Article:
APT Blog » Solderable Gold Plating of Electrical Contacts

Solderable Gold Plating of Electrical Contacts

Gold has and continues to be a principle finish for electrical components especially with the continuing miniaturization of electronics.  One of the primary benefits of gold plating services is a finish that is both conductive and receptive to soldering. When soldering gold plated components there are a variety of important considerations when specified the surface finish. The primary considerations are thickness, purity and the proper selection of an underplate.

Plating Thickness

Gold plating thickness is a critical, and often misunderstood, tenant of gold soldering. In gold soldering the physical bond is made between the underlying nickel layer and the solder itself, with the gold layer serving as barrier to help maintain the solderability of the nickel layer. Typical gold thickness for solderability is in the range of 10uin to 30uin as it provides adequate protection against oxidation to preserve wetting while keeping the cost of the finish as competitive as possible.

 

When soldering, gold dissolves into the solder through solid state diffusion.  With heavier gold deposits, more gold alloys within the solder joint.  In the diffusion process the gold reacts with the solder creating a gold intermetallic amalgam.  If the gold in the solder exceeds 3% by mass, the solder joint can become embrittled causing joint failure, especially in dynamically or thermally stressed joints.  The level of impurity and thickness of gold are directly related, thus thickness of the gold must be balanced between corrosion/oxidation protection, contact cycle life and solderability.  (Soldering to Gold – A practical Guide).

 

Purity

Purity of both the gold and underplate layers is critical to achieve the best solderability. For gold plating there is an importance to minimize organic impurities through proper tank maintenance. Organic impurities that are imparted into the plating layer can interfere with the soldering and can cause dewetting or voids in the solder.  Soft gold of 99.9% purity is typically the preferred gold for bonding or soldering applications.  However, nickel or cobalt hardened gold can solder well and provide improved wear resistance on contact surfaces.  However, the purity of the hard gold needs to be preserved through proper analytical work and tank maintenance.

Nickel purity is critical as this layer is the functional bonding layer. For nickel soldering the higher purity nickel the better the soldering. Often plating companies use an organically brightened nickel layer such as a brightened Watts or sulfate-based nickel to give a bright finish at the expense of solderability. Advanced Plating Technologies offers an engineered sulfamate nickel-plating layer recommended as an underplate for gold plating including soldering applications.  This nickel system is free of codeposited organics that can outgas or volatilize during soldering thereby causing voids in the solder joint.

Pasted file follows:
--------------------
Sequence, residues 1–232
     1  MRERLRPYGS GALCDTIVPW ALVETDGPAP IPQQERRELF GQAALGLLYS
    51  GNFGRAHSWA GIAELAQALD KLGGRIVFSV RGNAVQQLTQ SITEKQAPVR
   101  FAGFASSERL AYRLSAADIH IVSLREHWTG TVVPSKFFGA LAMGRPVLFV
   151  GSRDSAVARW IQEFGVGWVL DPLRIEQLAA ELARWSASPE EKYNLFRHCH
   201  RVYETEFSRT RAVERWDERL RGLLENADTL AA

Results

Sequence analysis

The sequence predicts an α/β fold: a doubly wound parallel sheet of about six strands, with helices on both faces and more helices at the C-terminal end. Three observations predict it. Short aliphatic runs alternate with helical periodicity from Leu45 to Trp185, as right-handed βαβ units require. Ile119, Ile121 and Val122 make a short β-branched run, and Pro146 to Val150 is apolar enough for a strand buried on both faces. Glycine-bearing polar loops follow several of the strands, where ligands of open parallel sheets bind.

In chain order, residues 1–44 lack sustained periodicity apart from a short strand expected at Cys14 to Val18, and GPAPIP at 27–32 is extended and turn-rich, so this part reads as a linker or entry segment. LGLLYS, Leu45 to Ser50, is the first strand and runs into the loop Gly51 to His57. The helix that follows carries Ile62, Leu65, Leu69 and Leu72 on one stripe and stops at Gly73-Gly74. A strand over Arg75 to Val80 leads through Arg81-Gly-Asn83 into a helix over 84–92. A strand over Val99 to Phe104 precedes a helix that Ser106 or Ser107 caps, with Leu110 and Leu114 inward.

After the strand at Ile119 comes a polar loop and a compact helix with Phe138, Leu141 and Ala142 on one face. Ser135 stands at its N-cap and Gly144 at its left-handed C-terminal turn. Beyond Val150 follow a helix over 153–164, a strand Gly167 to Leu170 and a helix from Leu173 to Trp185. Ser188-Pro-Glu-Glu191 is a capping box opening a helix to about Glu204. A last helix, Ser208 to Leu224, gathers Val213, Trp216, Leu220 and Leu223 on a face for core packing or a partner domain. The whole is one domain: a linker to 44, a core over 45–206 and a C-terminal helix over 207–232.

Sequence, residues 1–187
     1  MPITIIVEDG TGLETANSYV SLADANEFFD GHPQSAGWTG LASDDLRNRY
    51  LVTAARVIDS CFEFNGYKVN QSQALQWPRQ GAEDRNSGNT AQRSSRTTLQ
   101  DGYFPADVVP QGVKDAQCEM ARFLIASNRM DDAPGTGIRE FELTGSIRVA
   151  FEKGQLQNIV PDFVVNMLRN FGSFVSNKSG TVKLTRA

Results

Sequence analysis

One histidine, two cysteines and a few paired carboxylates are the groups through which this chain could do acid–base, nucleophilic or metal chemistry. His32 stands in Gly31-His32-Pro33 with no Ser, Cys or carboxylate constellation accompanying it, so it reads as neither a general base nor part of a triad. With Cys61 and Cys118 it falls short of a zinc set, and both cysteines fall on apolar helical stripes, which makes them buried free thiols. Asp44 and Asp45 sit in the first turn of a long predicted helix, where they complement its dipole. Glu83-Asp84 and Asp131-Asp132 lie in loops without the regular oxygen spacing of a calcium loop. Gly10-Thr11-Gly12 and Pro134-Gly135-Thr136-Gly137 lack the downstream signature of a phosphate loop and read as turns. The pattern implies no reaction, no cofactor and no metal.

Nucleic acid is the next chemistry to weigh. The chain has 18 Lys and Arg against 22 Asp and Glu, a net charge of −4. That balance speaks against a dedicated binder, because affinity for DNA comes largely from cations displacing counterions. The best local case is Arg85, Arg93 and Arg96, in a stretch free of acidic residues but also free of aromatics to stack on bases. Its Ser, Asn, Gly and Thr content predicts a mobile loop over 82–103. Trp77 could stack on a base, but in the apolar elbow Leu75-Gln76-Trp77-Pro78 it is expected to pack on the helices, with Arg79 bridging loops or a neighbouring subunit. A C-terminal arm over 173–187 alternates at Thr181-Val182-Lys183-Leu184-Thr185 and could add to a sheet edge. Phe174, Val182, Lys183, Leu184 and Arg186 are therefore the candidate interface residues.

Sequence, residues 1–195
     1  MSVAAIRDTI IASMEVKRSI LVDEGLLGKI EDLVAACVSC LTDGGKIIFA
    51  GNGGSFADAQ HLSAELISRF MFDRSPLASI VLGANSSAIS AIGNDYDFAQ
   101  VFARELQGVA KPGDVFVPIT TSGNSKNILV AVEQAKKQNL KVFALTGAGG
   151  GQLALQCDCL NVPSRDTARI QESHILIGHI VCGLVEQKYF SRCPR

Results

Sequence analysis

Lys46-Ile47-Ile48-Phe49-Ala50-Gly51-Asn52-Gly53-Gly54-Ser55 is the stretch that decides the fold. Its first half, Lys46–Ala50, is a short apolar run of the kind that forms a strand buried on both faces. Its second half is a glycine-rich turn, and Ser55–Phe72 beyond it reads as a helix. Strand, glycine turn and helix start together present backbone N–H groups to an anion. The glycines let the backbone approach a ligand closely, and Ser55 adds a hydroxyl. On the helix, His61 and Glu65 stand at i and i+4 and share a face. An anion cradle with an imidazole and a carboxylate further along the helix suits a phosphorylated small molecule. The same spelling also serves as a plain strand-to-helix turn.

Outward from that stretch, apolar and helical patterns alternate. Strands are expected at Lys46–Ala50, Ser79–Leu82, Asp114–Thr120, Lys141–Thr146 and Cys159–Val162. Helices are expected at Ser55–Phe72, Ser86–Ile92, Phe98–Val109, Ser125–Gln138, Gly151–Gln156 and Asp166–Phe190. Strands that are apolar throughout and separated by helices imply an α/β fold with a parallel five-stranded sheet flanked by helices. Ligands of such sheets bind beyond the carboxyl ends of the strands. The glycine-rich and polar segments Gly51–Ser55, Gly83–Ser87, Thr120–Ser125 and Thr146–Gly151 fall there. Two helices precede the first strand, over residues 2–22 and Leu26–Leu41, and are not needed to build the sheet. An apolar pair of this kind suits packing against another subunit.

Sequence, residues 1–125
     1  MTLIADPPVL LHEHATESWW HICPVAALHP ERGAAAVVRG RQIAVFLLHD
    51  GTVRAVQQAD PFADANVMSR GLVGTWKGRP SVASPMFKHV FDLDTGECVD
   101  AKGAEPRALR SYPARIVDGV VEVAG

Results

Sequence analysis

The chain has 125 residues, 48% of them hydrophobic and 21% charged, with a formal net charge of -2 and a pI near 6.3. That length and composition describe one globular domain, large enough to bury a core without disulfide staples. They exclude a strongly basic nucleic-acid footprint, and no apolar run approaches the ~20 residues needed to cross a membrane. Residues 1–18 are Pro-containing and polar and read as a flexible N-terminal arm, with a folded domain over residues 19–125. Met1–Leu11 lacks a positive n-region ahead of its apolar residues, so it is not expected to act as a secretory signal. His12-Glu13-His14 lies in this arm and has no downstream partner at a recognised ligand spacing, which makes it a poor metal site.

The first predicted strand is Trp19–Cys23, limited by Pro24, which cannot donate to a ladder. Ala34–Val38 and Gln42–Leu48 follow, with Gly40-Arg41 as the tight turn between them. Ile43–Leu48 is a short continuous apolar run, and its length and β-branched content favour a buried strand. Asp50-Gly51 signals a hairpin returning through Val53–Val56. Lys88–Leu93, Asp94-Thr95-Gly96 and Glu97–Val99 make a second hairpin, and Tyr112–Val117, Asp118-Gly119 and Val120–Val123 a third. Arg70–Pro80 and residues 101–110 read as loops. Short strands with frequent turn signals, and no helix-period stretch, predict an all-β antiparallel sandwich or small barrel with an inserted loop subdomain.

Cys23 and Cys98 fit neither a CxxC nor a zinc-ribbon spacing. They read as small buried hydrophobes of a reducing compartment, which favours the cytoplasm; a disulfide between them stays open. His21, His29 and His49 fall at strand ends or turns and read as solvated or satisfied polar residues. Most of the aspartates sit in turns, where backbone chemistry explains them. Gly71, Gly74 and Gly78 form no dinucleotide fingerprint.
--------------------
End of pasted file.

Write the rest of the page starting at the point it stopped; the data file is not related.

Another common underplate for gold plating is electroless nickel. While there are many advantages to electroless nickel plating including hold tight tolerances, large deposit range, corrosion protection, lubricity – one issue is that phosphorus is deposited in conjunction with nickel on the surface. The phosphorous acts as an impurity in soldering and can impedes soldering. When specifying electroless nickel deposits a medium phosphorous electroless nickel can give you the balance of the positives of electroless nickel while preserving solderability.

Solder Process

Gold Plating of Interconnect PinsWhen designing a solder process for gold plated parts it is important to remember that the solder joint forms between the solder and the nickel. Therefore, when performing multiple solder operations or reflow soldering, additional liquidous time must be allotted for to provide ample time for the solder to bond to the nickel.  In addition, typically a rosin-only flux is needed when soldering to gold plating.  However, for very thin gold deposits that are significantly aged, a rosin mildly activated (RMA) flux can help with removing any nickel oxides that may have propagated through the gold layer to the surface.

Conclusion

Soldering to gold plating is becoming more and more prevalent with the rise in high-end microelectronics. More than ever it is important to understand the process of soldering to gold and designing surface finishes to provide the most robust, cost effective finish. The proper gold finish must balance corrosion and wear performance with solderability to ensure the best possible design.  A member of Advanced Plating Technologies technical sales staff can assist with designing a finish the meets the specific design requirements of your application.

 

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Blog Authored by William Troske., Process & Estimating Engineer  

Edited by Matt Lindstedt, P.E. , President

References:

  1. Ronald A. Bulwith ; Soldering to Gold – A Practical Guide